May 2003
Volume 44, Issue 13
Free
ARVO Annual Meeting Abstract  |   May 2003
Macular Pigment Density in Patients with ARM Quantified with a Modified Confocal Scanning Laser Ophthalmoscope
Author Affiliations & Notes
  • H. Wuestemeyer
    Ophthalmology, University Leipzig, Leipzig, Germany
  • A. Moessner
    Ophthalmology, University Leipzig, Leipzig, Germany
  • C. Jahn
    Ophthalmology, University Leipzig, Leipzig, Germany
  • S. Wolf
    Ophthalmology, University Leipzig, Leipzig, Germany
  • Footnotes
    Commercial Relationships  H. Wuestemeyer, None; A. Moessner, None; C. Jahn, None; S. Wolf, None.
  • Footnotes
    Support  DFG Wo478/11
Investigative Ophthalmology & Visual Science May 2003, Vol.44, 5024. doi:
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      H. Wuestemeyer, A. Moessner, C. Jahn, S. Wolf; Macular Pigment Density in Patients with ARM Quantified with a Modified Confocal Scanning Laser Ophthalmoscope . Invest. Ophthalmol. Vis. Sci. 2003;44(13):5024.

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      © ARVO (1962-2015); The Authors (2016-present)

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Abstract

Abstract: : Purpose: In the industrialized world age-related macular degeneration (AMD) is the leading cause for legal blindness beyond the age of 50 years. Recent studies indicate that the density of the macular pigment (MP) may play a central role in the development and progression of age-related maculopathy (ARM). We present results of patients with age-related maculopathy and compare them with macular pigment density of healthy subjects. Methods: A modified confocal scanning laser ophthalmoscope (Heidelberg Engineering, Heidelberg, Germany) was optimized for fundus reflectance and autofluorescence images at 488 and 514 nm. Both, reflectance and autofluorescence images were used to calculate macular pigment density maps. MP density was evaluated within 2 degrees around the foveal center from reflectance (MPREF) and autofluorescence (MPAF) macular pigment density maps. In this study we included 104 patients with ARM aged from 53 – 83 years (mean: 70 ± 8 years) and 107 healthy subjects aged form 16 – 75 years (mean: 46 ± 18 years). Results: Visual acuity (VA) was better than 20/25 in all healthy subjects. In patients with ARM 25 subjects had a VA of 20/32 and worse. Using the reflectance method mean macular pigment density was MPREF = 0.11±0.04 D.U. in ARM patients and MPREF=0.16±0.06 D.U. in healthy subjects. Using autofluorescence images MP density ranged from MPAF=0.22±0.08 D.U. in patients with ARM to MPAF=0.22±0.06 D.U. in healthy subjects. Conclusions: In healthy subjects as well as in patients with ARM we found higher macular pigment density values calculated from autofluorescence images than from reflectance images. The difference in MP density between healthy subjects and patients with ARM is only statistically significant in the reflectance method and not using autofluorescence images. The differences between MPREF and MPAF could be due to reflectance effects at the inner limiting membrane and the lens. This may be especially relevant for the group of ARM patients who are in average older than the control group. This study demonstrates that the reflectance method has limitations in the quantification of MP density.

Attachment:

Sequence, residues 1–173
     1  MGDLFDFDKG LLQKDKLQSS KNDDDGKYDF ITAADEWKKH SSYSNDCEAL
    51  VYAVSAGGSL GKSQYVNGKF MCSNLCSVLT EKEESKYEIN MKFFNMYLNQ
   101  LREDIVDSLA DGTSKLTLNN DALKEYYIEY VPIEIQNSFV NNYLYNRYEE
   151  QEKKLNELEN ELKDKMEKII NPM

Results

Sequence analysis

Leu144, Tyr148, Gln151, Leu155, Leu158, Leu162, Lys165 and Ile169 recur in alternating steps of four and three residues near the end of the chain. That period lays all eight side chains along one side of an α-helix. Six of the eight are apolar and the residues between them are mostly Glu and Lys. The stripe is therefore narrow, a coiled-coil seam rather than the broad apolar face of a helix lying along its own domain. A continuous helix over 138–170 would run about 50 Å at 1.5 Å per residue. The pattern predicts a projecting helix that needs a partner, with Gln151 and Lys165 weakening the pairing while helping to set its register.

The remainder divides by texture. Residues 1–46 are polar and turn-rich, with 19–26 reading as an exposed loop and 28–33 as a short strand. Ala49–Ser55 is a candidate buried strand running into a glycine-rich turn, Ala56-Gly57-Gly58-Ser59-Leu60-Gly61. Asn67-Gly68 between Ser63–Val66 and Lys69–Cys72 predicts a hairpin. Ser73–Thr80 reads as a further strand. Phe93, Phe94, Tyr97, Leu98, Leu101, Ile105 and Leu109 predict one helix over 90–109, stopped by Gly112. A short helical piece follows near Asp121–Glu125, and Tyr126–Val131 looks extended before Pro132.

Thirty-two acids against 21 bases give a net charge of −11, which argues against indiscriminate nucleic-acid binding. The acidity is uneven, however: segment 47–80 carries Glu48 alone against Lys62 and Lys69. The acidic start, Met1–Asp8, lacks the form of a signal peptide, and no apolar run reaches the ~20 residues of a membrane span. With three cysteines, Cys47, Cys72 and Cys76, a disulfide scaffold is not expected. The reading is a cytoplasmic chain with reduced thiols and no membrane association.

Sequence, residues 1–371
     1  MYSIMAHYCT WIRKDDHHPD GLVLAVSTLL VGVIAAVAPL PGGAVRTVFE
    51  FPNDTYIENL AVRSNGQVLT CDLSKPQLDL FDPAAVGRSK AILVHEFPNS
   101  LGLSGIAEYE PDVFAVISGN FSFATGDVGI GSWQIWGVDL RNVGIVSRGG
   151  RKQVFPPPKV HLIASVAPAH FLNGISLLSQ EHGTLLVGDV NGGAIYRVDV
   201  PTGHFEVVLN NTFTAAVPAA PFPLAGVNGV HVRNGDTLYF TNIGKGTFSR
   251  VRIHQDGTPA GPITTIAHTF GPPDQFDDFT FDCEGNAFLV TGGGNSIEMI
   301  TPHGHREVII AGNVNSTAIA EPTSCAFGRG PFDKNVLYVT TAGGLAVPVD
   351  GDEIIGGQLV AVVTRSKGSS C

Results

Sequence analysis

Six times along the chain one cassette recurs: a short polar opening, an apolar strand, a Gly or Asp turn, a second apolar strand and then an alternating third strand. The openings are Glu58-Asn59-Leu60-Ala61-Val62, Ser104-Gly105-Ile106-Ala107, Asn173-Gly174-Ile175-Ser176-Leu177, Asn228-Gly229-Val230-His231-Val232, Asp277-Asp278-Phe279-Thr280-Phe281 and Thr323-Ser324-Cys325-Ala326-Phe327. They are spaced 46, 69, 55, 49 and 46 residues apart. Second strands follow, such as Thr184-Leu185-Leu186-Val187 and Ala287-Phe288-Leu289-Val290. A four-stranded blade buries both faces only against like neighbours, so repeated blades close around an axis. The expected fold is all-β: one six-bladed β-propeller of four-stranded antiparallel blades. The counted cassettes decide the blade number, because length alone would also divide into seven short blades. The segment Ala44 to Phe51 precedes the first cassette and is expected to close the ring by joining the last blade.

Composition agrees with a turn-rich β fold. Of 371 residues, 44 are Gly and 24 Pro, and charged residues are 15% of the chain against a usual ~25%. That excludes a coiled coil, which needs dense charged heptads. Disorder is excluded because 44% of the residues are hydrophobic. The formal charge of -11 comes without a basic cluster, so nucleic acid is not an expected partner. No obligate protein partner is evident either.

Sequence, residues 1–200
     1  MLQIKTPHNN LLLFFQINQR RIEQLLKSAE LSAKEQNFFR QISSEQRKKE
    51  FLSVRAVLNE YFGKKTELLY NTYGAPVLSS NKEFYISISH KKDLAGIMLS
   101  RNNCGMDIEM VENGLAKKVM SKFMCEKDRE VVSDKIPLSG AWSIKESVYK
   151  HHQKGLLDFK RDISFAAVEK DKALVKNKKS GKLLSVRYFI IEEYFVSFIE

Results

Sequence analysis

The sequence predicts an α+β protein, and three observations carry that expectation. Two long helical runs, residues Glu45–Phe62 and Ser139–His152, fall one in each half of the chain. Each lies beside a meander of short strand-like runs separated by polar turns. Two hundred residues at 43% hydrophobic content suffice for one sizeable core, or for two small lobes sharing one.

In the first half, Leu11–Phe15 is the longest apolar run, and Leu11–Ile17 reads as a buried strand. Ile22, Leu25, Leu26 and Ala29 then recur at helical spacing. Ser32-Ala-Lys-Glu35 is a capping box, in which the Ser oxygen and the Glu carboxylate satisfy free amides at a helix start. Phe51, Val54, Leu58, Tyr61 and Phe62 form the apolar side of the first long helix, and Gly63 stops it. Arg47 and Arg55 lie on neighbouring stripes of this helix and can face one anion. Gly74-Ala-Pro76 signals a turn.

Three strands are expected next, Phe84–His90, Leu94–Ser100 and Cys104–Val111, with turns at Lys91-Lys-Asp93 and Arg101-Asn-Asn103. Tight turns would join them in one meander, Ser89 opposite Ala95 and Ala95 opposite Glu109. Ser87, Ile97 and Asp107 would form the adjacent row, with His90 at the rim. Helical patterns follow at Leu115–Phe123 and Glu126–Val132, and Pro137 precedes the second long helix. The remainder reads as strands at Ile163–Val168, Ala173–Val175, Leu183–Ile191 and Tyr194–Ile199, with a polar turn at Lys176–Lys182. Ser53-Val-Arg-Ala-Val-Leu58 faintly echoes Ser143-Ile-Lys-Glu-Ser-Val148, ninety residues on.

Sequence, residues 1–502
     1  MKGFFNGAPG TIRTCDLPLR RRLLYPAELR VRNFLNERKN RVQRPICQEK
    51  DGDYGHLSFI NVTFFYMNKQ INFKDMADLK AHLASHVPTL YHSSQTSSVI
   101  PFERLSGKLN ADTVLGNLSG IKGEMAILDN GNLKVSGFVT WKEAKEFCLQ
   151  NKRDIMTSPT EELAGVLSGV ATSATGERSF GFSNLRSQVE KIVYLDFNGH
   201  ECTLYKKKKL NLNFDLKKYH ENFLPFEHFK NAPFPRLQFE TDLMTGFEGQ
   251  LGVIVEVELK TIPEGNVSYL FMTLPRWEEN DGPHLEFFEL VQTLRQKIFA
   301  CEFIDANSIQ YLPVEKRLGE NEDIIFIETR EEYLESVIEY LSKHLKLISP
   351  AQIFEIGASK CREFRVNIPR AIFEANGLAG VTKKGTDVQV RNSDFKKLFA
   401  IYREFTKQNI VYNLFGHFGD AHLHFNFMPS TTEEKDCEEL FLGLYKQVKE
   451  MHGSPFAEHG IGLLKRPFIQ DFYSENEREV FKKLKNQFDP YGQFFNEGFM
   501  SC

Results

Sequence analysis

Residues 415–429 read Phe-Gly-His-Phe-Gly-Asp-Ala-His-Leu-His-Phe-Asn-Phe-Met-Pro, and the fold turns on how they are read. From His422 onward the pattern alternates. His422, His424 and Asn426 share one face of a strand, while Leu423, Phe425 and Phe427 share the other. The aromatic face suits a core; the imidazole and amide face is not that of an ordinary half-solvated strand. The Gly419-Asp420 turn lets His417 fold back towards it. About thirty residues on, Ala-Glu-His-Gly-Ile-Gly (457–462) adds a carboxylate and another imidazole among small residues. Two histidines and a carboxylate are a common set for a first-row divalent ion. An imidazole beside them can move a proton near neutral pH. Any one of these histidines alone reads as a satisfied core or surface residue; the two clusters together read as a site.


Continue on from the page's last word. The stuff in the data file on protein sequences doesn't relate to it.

Keywords: age-related macular degeneration • macular pigment • clinical (human) or epidemiologic studies: ris 
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